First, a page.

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Acamprosate Added to Escitalopram and Behavioral Treatment for Comorbid Depression and Alcoholism

Information source: Massachusetts General Hospital
ClinicalTrials.gov processed this data on August 23, 2015
Link to the current ClinicalTrials.gov record.

Condition(s) targeted: Major Depressive Disorder; Alcohol Abuse; Alcohol Dependence

Intervention: acamprosate (Drug); escitalopram (Drug); Medical management (Behavioral); Placebo (Drug)

Phase: Phase 4

Status: Completed

Sponsored by: Massachusetts General Hospital

Official(s) and/or principal investigator(s):
Janet M Witte, MD, Principal Investigator, Affiliation: Massachusetts General Hospital
Nicholas Bolo, PhD, Principal Investigator, Affiliation: Mclean Hospital

Summary

This is a study about treatment for people who suffer from both major depression and alcohol abuse or dependence. The study will examine whether the addition of acamprosate to escitalopram and behavioral interventions will improve outcomes for this population.

Clinical Details

Official title: A Double-Blind, Placebo-Controlled Study of Acamprosate Added to Escitalopram and Behavioral Treatment in Major Depressive Disorder (MDD) With Comorbid Alcohol Abuse/Dependence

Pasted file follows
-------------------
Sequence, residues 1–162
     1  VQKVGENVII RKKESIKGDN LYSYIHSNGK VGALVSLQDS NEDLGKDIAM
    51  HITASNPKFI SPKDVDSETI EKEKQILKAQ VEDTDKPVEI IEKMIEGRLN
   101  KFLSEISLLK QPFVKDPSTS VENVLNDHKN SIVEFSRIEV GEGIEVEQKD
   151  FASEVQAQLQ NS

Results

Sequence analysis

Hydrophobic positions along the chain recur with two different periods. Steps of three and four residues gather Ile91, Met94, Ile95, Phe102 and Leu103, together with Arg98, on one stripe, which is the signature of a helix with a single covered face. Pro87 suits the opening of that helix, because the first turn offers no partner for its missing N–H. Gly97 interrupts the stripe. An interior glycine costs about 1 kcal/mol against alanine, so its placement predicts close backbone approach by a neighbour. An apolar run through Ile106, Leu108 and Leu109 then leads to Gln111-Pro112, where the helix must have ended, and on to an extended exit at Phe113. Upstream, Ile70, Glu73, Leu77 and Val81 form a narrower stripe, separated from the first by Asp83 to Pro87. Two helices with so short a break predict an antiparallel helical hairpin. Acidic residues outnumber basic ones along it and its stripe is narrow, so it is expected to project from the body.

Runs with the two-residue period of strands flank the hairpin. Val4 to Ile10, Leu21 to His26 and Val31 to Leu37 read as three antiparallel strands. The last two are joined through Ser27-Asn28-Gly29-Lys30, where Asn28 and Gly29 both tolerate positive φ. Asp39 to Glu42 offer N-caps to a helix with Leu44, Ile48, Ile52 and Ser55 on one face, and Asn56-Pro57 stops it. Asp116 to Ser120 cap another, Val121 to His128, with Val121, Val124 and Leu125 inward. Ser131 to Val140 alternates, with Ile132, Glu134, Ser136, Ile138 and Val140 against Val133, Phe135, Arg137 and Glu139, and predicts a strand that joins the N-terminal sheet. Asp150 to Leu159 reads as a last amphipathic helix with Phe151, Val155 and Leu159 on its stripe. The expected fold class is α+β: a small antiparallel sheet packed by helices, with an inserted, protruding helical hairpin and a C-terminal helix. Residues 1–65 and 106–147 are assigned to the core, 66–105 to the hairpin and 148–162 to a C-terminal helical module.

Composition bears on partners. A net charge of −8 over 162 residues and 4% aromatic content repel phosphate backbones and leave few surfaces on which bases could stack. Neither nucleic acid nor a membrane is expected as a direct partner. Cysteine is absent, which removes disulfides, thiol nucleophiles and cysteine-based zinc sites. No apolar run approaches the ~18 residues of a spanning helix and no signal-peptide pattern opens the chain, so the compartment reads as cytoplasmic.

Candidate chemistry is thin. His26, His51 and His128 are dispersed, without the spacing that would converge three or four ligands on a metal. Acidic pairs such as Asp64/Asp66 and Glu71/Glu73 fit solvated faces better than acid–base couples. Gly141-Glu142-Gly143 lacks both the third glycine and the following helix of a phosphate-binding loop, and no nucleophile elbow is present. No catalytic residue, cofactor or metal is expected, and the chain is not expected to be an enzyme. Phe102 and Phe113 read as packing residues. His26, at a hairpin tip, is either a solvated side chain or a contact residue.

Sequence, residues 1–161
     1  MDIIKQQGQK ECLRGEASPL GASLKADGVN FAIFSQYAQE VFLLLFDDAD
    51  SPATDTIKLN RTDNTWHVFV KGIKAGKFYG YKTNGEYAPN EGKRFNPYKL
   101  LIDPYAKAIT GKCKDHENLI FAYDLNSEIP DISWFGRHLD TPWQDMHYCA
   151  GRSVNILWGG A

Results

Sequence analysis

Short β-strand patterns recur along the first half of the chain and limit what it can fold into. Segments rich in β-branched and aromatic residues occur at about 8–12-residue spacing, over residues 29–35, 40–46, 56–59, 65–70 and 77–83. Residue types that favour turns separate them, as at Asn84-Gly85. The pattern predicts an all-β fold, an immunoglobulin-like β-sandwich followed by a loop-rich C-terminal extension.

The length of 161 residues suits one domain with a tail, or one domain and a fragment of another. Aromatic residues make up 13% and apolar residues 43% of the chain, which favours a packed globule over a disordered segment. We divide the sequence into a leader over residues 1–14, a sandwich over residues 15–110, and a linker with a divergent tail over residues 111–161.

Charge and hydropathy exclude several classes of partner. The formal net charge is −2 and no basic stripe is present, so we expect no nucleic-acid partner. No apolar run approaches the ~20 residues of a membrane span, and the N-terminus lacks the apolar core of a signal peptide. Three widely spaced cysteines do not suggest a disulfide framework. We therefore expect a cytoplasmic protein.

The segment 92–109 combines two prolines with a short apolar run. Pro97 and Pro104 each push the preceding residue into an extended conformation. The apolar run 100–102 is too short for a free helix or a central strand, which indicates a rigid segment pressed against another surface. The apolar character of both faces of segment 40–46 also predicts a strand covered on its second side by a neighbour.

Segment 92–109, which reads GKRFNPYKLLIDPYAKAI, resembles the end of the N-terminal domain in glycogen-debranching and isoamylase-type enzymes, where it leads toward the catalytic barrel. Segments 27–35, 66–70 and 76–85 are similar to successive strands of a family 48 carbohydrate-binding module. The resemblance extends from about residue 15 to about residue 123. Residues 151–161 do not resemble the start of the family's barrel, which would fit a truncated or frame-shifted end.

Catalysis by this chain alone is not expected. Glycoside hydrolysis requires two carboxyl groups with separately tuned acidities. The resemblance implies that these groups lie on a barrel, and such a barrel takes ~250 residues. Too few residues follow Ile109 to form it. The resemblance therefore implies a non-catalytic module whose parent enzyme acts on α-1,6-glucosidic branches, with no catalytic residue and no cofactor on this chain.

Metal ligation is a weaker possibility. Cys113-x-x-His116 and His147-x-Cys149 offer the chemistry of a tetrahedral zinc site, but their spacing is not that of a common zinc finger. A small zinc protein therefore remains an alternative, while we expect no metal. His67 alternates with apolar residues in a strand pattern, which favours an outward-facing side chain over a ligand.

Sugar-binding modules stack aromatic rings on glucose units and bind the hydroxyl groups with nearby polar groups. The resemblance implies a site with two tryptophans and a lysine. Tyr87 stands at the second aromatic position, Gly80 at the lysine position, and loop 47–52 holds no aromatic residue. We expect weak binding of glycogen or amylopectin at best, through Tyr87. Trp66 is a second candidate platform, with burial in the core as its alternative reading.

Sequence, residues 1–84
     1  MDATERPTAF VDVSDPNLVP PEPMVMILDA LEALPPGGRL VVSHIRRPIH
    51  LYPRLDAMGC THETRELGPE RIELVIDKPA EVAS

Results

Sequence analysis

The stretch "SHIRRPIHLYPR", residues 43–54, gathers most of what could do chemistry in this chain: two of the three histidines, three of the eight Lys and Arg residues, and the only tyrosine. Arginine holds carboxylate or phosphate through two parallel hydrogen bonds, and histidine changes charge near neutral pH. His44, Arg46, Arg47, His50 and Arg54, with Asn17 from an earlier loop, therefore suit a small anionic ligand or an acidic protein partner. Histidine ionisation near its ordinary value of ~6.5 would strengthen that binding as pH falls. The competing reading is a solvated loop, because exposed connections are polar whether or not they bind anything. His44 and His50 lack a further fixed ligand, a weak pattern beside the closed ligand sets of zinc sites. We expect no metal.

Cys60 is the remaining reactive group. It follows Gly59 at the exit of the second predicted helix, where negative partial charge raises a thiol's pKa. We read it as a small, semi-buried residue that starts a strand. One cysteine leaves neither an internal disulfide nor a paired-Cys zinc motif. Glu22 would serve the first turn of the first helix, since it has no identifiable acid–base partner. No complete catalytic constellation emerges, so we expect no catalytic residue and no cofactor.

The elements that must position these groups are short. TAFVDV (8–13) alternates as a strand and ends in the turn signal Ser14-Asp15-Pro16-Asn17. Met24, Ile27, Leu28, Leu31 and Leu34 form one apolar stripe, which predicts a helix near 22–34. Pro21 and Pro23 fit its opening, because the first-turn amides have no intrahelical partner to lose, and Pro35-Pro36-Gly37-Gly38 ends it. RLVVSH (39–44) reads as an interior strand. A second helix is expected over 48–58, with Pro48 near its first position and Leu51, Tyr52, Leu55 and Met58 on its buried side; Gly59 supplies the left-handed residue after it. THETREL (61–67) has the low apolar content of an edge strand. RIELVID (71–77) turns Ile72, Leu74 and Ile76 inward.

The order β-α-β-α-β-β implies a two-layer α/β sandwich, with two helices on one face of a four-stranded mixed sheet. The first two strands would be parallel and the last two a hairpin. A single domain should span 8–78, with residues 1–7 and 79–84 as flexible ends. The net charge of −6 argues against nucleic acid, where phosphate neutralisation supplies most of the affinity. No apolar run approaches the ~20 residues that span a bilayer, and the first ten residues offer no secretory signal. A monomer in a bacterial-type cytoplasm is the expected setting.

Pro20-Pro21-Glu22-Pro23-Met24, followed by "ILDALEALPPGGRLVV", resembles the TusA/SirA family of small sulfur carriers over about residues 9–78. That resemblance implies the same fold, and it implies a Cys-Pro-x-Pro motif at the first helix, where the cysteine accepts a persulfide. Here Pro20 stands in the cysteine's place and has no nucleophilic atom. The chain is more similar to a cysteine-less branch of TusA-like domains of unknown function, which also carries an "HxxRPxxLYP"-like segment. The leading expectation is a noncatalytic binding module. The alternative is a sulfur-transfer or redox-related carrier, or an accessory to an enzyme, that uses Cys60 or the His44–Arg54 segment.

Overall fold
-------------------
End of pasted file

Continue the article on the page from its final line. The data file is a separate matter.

Study design: Allocation: Randomized, Endpoint Classification: Efficacy Study, Intervention Model: Parallel Assignment, Masking: Double Blind (Subject, Caregiver, Investigator, Outcomes Assessor), Primary Purpose: Treatment

Primary outcome:

Change in Mean Score on the Hamilton Rating Scale for Depression -- 17 Items (HAM-D-17)

Total Drinking Days on the Alcohol Timeline Followback (TLFB)

Total Drinks Consumed Per Week on the TLFB

Total Drinks Consumed Per Drinking Day on the TLFB

Detailed description: Depression and alcohol use disorders contribute to a significant proportion of the burden of disease, in the United States and abroad. Patients who suffer from co-morbid depression and alcohol abuse/dependence have illnesses that are more severe, persistent and costly than people with either depression or an alcohol use disorder alone. The treatment of these patients remains controversial. Several studies have demonstrated that antidepressants can be safe and efficacious in the treatment of depression in people who continue to drink, and it is now considered the standard of care to provide such treatment. Other studies have shown that pharmacotherapy with naltrexone or acamprosate can help reduce drinking in alcoholics without co-morbid depression. A logical extension of these findings would be to study the treatment of depressed alcoholics with dual pharmacotherapy, combining an anti-depressant with a medication aimed at treating the alcohol use disorder. We will conduct a randomized, double-blind, placebo controlled trial of escitalopram plus acamprosate and behavioral treatment vs. escitalopram plus placebo and behavioral treatment in 20 depressed alcoholics. Outcome measures will include depression, alcohol use and global functioning.

Eligibility

Minimum age: 18 Years. Maximum age: 64 Years. Gender(s): Both.

Criteria: